Pfizer (PFE -0.25%) has won the title of leader when it comes to coronavirus vaccine prevention. The company recently said it holds 74% of the U.S. vaccine market and 80% of the European market. That's great news. But things are getting even better. Now, Pfizer may be about to claim leadership in another blockbuster area: coronavirus treatment.
The big pharma company last week released results of a phase 2/3 trial of its investigational COVID-19 pill. Data were so strong that an independent monitoring committee recommended Pfizer stop enrolling patients in the trial -- and seek regulatory authorization. Moving forward, many of us have one big question. Could a Pfizer coronavirus pill be even bigger than the company's vaccine?
A $36 billion forecast
First, some background on the vaccine. Pfizer has reported quarter after quarter of billion-dollar vaccine sales ever since the product launched last December. Most recently, Pfizer lifted its annual revenue forecast for the vaccine to $36 billion. That's up from about $33 billion. Pfizer shares vaccine profit with partner BioNTech. But that still leaves the company with significant revenue from the product.
Pfizer expects to generate $29 billion in revenue next year from the vaccine. That's according to advance purchase agreements signed so far. So, it's possible that next year's sales guidance will increase.
However, will vaccine revenue stagnate or fall post pandemic? That's the question no one can truly answer right now. That said, it's very possible vaccine or booster revenue won't drop drastically -- and will remain high over the long term. Experts predict the coronavirus is here to stay. And that means people will need protection -- especially those most vulnerable to severe illness.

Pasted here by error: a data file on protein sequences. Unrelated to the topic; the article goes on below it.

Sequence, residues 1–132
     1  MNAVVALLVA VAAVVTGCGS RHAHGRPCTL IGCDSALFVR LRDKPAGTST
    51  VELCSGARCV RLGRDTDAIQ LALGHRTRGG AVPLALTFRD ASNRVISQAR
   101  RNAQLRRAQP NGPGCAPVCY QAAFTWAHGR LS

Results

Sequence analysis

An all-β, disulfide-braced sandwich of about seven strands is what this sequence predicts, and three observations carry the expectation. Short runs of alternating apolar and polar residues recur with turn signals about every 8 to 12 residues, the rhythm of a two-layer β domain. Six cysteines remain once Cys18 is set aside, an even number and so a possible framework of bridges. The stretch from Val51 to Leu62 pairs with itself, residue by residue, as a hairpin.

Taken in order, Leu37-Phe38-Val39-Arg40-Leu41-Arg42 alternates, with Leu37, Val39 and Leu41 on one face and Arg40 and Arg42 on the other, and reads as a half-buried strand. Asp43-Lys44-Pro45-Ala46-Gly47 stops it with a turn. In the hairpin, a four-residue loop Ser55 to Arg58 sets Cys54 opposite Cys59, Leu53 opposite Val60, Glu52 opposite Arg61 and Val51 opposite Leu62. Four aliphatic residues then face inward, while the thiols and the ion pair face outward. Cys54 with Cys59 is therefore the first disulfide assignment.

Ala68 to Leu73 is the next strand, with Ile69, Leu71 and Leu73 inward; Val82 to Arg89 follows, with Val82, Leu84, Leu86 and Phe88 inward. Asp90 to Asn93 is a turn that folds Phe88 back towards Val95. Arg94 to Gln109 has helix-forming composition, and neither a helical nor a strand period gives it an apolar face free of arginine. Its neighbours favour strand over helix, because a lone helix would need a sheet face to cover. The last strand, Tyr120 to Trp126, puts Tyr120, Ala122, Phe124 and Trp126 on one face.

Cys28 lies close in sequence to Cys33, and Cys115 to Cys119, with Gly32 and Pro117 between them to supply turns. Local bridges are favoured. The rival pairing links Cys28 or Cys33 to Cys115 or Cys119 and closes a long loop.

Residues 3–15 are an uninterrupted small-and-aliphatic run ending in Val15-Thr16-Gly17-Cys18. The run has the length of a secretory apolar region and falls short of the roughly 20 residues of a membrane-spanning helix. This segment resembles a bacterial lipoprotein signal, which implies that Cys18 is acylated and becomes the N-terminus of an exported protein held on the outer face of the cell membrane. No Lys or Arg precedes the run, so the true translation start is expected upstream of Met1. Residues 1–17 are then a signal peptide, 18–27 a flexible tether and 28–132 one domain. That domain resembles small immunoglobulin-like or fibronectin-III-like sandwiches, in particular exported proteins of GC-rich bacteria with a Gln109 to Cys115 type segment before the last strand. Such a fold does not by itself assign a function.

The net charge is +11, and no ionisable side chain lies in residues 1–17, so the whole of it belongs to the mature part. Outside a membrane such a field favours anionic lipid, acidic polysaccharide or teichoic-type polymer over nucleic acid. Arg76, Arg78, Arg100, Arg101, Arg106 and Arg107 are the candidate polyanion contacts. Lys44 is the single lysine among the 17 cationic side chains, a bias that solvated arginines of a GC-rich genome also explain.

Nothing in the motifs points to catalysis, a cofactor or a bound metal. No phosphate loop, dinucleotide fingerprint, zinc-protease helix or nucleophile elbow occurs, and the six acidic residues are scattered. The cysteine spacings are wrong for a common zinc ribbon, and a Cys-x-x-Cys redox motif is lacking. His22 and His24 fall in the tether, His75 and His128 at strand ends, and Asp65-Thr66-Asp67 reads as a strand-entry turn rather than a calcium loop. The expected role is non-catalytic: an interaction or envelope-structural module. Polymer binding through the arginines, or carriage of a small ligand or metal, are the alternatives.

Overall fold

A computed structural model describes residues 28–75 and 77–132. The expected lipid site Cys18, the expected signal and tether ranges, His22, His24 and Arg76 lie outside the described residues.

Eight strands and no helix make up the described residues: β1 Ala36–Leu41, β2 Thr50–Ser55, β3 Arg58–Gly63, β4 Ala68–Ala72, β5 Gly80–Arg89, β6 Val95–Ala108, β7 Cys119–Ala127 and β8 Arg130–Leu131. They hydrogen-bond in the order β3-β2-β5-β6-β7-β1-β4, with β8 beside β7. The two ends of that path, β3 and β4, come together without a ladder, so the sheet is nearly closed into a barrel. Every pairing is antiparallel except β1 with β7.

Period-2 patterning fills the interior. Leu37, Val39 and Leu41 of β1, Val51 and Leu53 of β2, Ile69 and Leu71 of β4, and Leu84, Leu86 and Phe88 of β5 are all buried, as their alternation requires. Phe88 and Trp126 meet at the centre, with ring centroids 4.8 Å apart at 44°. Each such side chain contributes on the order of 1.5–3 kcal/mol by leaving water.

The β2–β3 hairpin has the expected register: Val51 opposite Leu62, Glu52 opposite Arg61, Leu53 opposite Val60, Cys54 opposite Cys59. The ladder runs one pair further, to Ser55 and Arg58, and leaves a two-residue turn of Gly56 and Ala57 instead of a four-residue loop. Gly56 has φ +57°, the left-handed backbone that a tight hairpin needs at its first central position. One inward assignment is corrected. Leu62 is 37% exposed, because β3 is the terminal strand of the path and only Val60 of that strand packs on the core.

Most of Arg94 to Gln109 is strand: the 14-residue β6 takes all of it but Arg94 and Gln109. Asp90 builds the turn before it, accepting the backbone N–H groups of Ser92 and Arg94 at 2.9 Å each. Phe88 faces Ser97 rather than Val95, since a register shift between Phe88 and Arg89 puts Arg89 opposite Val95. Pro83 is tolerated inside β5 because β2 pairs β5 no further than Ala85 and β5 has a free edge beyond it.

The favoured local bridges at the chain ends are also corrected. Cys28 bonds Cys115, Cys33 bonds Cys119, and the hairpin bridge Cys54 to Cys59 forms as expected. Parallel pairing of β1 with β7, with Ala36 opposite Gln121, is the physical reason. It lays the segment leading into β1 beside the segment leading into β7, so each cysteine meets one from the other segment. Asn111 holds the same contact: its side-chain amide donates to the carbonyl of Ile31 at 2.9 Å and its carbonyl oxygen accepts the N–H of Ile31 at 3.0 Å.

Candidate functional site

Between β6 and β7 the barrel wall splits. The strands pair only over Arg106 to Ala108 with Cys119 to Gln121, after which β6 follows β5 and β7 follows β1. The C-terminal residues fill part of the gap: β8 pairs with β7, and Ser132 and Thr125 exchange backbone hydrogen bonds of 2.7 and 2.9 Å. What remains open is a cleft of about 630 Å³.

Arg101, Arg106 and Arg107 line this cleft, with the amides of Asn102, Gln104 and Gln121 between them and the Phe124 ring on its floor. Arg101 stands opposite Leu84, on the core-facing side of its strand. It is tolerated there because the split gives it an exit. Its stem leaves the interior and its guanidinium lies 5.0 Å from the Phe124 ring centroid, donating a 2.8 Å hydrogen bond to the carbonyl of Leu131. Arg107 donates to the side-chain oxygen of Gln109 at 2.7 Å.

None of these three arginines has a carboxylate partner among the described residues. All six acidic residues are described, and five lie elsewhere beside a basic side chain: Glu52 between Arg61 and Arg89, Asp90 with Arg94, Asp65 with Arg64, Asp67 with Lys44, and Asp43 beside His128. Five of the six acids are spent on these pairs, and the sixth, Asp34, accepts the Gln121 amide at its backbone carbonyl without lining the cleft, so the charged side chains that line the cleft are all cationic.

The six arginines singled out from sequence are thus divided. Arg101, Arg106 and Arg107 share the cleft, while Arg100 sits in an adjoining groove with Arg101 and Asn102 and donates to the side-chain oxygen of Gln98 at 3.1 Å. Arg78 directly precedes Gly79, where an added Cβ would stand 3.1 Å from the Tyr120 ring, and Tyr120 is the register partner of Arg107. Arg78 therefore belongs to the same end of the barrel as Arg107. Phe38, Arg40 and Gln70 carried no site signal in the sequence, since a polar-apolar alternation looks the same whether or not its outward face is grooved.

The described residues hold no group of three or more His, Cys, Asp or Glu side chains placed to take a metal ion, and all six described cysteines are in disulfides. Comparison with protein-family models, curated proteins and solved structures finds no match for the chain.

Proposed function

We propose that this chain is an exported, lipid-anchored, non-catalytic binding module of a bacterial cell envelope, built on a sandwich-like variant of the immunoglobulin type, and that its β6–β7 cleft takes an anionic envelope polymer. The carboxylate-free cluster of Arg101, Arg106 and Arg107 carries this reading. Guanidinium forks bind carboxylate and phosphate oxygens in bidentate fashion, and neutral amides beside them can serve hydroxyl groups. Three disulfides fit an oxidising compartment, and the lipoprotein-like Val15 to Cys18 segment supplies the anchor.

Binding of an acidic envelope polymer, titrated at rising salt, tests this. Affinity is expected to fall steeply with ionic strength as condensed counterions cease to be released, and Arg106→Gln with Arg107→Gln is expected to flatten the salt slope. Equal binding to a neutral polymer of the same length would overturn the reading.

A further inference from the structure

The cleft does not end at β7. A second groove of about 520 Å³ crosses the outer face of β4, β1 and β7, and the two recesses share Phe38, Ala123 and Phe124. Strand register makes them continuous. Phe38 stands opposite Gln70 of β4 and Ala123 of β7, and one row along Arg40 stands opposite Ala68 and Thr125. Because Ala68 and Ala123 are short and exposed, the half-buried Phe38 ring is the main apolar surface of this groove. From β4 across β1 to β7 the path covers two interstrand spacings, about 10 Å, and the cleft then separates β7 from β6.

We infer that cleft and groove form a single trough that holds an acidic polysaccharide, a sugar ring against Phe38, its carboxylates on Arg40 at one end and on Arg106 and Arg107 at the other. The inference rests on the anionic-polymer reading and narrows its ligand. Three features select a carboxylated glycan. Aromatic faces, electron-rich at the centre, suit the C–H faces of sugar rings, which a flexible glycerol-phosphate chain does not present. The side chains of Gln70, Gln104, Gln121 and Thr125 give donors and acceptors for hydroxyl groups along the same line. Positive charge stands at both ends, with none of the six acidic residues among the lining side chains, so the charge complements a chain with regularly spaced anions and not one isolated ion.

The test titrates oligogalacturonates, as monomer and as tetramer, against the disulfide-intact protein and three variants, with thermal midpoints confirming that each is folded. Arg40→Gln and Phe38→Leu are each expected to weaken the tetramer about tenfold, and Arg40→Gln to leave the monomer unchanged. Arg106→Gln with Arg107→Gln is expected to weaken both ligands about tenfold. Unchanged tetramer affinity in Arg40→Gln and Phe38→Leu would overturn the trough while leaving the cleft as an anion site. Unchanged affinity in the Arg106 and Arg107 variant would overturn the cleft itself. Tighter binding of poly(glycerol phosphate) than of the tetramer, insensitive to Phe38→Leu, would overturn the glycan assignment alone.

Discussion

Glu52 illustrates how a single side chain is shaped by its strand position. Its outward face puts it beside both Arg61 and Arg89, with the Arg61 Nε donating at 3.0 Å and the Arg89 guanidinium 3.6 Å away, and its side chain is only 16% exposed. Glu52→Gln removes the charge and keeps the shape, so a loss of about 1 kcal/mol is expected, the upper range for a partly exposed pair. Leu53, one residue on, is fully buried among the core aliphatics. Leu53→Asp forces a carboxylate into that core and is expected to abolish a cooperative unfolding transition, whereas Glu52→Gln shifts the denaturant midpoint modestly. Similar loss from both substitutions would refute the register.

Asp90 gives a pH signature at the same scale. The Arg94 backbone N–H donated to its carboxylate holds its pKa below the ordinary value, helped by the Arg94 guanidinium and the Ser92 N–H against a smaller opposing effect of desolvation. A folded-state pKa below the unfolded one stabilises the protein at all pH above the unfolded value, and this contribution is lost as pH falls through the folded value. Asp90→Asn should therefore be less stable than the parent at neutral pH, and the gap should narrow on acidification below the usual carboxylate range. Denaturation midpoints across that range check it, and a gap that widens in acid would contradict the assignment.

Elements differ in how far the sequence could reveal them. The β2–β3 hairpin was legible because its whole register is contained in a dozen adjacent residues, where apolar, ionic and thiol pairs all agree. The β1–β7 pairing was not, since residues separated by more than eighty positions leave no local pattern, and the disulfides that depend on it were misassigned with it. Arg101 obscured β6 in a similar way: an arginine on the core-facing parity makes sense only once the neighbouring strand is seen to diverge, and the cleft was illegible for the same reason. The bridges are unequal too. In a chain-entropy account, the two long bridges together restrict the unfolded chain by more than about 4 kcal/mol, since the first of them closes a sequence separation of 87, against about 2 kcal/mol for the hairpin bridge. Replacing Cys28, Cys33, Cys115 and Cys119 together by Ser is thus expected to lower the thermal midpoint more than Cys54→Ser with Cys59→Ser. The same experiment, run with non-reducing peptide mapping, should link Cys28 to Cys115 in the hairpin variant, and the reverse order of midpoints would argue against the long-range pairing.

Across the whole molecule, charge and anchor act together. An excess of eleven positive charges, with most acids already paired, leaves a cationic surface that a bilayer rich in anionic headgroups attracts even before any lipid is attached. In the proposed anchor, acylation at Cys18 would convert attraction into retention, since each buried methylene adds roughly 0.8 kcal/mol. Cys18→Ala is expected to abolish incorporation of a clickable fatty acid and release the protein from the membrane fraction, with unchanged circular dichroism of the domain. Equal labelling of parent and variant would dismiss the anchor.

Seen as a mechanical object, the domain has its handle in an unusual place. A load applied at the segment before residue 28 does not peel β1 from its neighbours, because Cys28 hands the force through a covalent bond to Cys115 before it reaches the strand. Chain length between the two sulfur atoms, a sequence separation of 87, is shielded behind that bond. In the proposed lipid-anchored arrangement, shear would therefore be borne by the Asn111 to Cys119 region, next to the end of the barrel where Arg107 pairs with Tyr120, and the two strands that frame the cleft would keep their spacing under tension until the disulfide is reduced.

Now, let's take a look at the prospects for Paxlovid, Pfizer's investigational coronavirus pill. Paxlovid cut the risk of hospitalization or death by 89% in the clinical trial. The treatment was given to non-hospitalized adult patients who were at risk of developing a severe case of COVID-19. Pfizer plans to submit these results as part of its rolling submission for authorization to the U.S. Food and Drug Administration (FDA).
Paxlovid acts by interfering with viral replication early in infection. That's why the idea is to prescribe it for patients as soon as they're diagnosed with COVID-19. They then can take the pill treatment at home.
Merck's investigational pill
Right now, an approved antiviral pill doesn't exist. But Pfizer actually may not be first to market. Merck presented positive data from a study of its investigational coronavirus pill last month. The FDA plans to hold an advisory committee meeting on Nov. 30 to discuss Merck's submission. We don't yet know when the FDA will discuss the potential Pfizer product. Merck's investigational pill reduced the risk of hospitalization or death by 50%. We don't have complete data reports from each company. But from what we do know, Pfizer's candidate seems to be more efficacious.
As for market size, a Jefferies & Co. estimate says annual sales for a coronavirus pill could top $10 billion annually, Reuters reported.
Of course, if we look at Pfizer's vaccine sales right now, even owning that entire pill market wouldn't make a pill the bigger product by sales. In the future, a coronavirus pill could become the bigger product -- if vaccine sales decline. The price Pfizer sets for its vaccine and booster products in the coming years also could be a determining factor. For instance, demand could decline, but an increase in prices could compensate or partially compensate. Right now, without these elements, it's too early to determine whether coronavirus pill sales eventually may surpass vaccine sales.
But here's what we can say. The COVID-19 pill candidate, if authorized, clearly could become a major part of Pfizer's portfolio of coronavirus products. Considering its efficacy, Pfizer could take the lead over Merck when it comes to market share.
At the same time, as mentioned above, it seems likely vaccine sales will continue for quite some time. So, the launch of a pill could give Pfizer dominance in coronavirus prevention and treatment. All of this means, even if the coronavirus pill isn't as big as the vaccine -- it's still big enough to significantly add to Pfizer's earnings prospects well into the future.